my father and i tackled another project: upgrade the ceiling light fixtures in the basement. more exactly, replacing the porcelain lampholders with new ones that have an embedded outlet. now it's easy to convert any ceiling light fixture into an outlet - just get a 2 outlet socket adapter. but there are two problems with using an adapter: they only turn on when the light is on and they're not grounded (2 prongs instead of 3). that's where the embedded outlet is an advantage. for some reason we had 4 boxes of leviton porcelain lampholders with grounded outlet.
replacing the fixture was nothing new - we've done it before when one of the porcelain base cracked a few years back. the hardest part is just figuring out which circuit breaker to flip to turn off the electricity to the basement ceiling lights. B controls the two lights by the boiler furnace, F governs the lights by the laundry and the utility sink, and the breaker that controls the kitchen light and basement stairwell light also controls the fixture closest to the rear basement door.
we ended up replacing 3 fixtures: the one by the boiler furnace, the one by the oil tank next to it, and the fixture by the rear basement door. inside the ceiling junction box there were just two wires (live and neutral). we needed a third missing wire for the ground, but the new fixture was designed in such an ingenious way that once screwed onto the ceiling, it used the metal junction box itself as the ground. the fixture by the back door had been retrofitted with a standard two socket outlet because my father needed an outlet. it was also the power source for the verizon FIOS box on the other side of the basement. once we replaced the outlet with the new porcelain fixture, the plug was taken up by the FIOS box.
my father was playing with our old sony digital 8 camcorder. purchased in the early 2000's, it was advanced at the time, including IR night video mode. we got all sorts of batteries for it as well as a screw-on wide angle lens. he was charging a particularly large lithium ion battery which seemed to charge okay but couldn't its charge. i looked up prices online for new batteries, a pair of near equivalent batteries cost just $25-30. he was also looking at some old videos he had converted to digital format, and that's when i showed him they shall not grow old, the WWI documentary by peter jackson, with its fixed footage using advanced restoration methods like deep learning to interpolate missing frames to increase the frame rate and using forensic lip readers to recreate silent dialogue.
during dinner i tried some of the glutinous rice wine had made. this wasn't from his most recent batch, but rather from a jar that he's kept for over a year. it had that telltale fermented glutinous rice flavor but also very sweet, like a dessert wine, though a very high but unknown alcohol content.
i rode home after dinner. my hands were okay for the first half, but freezing by the time i got home. i measured the temperature of my fingers with the infrared thermometer, around 60°F, but this was after i'd already warmed up nearly a minute. i was happy to see my dusk to dawn porch light working as expected. i don't know why it took me this long to get one of these light bulbs. i was approaching it too technical, using smart bulbs and even thinking about rewiring a smart light switch. the answer was easy: just get a daylight sensing bulb!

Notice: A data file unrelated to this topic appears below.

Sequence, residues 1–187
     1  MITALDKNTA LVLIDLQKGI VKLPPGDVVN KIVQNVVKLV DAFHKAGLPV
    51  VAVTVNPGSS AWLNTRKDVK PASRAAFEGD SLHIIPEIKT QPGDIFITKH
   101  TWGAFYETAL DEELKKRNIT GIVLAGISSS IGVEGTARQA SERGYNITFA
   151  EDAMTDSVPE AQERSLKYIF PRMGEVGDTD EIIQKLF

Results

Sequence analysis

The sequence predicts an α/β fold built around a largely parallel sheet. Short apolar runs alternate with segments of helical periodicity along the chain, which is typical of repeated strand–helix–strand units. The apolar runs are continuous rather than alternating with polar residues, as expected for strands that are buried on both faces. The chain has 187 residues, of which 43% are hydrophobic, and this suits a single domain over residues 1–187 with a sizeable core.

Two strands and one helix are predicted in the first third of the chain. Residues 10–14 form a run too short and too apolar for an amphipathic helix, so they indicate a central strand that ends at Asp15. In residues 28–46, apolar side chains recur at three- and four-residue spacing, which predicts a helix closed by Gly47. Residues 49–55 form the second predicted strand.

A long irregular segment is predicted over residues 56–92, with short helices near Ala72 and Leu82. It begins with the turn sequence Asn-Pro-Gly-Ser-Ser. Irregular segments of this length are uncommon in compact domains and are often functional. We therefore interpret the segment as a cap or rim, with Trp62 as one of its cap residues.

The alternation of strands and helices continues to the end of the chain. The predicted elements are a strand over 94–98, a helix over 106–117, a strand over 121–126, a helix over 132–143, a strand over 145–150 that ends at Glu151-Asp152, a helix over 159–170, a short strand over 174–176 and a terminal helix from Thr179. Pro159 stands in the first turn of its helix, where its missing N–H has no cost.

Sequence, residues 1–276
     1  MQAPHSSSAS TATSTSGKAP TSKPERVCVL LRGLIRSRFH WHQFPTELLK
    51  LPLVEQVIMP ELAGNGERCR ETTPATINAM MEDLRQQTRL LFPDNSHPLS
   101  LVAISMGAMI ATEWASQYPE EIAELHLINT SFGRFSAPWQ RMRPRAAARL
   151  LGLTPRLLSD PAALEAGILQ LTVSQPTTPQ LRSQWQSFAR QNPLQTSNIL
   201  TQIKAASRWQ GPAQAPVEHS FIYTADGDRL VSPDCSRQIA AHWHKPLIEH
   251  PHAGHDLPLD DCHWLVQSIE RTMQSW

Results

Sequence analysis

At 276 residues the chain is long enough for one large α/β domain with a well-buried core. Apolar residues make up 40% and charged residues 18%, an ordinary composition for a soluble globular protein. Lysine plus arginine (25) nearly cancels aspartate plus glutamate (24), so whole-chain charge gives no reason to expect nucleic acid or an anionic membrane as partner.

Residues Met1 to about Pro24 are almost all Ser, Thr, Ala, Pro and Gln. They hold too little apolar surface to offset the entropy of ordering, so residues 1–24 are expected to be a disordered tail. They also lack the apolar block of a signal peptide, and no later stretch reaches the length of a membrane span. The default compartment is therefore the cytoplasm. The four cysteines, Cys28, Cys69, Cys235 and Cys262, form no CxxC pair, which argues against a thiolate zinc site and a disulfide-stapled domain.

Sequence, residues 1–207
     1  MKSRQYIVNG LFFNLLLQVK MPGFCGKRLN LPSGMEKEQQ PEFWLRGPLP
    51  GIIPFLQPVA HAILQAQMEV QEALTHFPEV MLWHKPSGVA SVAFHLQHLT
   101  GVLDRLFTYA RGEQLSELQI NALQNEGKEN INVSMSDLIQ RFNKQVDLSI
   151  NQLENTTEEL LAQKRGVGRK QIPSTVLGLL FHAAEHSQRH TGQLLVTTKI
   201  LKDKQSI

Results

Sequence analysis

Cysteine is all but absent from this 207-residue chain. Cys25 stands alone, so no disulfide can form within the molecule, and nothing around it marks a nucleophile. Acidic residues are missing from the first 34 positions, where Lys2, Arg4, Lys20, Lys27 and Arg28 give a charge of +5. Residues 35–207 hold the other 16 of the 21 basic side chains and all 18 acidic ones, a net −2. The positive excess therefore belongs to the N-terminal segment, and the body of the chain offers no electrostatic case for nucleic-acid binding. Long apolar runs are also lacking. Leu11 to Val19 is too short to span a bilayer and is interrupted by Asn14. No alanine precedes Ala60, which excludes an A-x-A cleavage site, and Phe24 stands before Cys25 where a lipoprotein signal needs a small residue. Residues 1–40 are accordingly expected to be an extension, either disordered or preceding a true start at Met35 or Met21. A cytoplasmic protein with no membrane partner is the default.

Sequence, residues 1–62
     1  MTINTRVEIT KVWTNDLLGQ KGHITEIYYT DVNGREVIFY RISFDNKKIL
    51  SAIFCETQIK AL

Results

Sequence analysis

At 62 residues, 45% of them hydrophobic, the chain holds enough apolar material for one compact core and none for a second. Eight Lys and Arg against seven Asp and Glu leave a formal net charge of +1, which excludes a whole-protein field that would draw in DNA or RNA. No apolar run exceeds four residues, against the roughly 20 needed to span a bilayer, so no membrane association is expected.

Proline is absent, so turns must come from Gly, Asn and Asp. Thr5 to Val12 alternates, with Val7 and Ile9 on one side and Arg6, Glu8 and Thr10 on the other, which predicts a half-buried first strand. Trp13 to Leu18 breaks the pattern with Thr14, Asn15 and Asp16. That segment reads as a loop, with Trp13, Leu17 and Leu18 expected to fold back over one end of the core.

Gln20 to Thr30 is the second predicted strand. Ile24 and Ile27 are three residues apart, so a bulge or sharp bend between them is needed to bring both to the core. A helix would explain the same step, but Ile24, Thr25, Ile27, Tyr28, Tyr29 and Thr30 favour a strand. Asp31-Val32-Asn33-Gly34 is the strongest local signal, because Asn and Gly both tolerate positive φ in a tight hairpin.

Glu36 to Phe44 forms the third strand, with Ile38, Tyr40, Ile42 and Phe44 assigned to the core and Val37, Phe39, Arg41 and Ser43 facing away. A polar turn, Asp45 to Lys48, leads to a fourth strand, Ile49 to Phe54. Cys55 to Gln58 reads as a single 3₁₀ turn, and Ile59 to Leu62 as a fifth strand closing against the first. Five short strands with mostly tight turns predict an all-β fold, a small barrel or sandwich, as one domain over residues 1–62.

i've got a bunch of shows i've been trying to catch up on. i watched national geographic's mars. i didn't realize it was the final episode (6) of the 2nd season, and from the way it ended, it seemed like the series finale as well. mars is a weird show, half scifi drama, half documentary. the fact-based portion of the show is boring and often preachy, and i skip through them to get to the story.
later i watched showtime's escape at dannemora. not knowing what they did wrong to land themselves in jail, i can help but root for convicts richard matt and david sweat as they make their escape from prison. of the few civilians we see in the show (mostly prison workers), they all seem terrible, especially patricia arquette's portrayal of dowdy joyce mitchell, the cranky prison tailor shop supervisor who's perpetually complaining. the only good guy in all of these seems to be her husband lyle, who has no idea his wife is having illicit relationships with two convicts, helping them with their escape and enlisting them to kill him.
i also have a show backlog that i haven't been able to work through. i'm trying to watch them so i can erase them from my computer, clearing up storage space. there's castle rock (from august), set in the stephen king multiverse, it's the sort of show that's right up my alley, but i've unsuccessfully tried to watch a few times but couldn't get into it. i'm probably just going to read the synopsis on wikipedia and then erase it.
there's the first, the sean pean drama about going to mars (yes, another mars show). it seems to be less about the scifi and more about the human interactions as astronauts prepare for a mars mission. it's another one of those slow burn shows, hard to get into even though i'm sure it's probably very good.
tell me a story has a decent pedigree, created by kevin williamson (though based on a mexican tv series) and starring kevin wolk, kim cattrall, and danielle campbell, who's like a clone of katie holmes. it's supposed to be a modern day mashup of several fairy tales (three little pigs, red riding hood, hansel and gretel) though if i didn't know about it beforehand i would've never guessed.
finally, there are several seasons of outlander i need to work through. i'm a quarter finished with season 2, but still need to watch all of season 3 and the current season 4.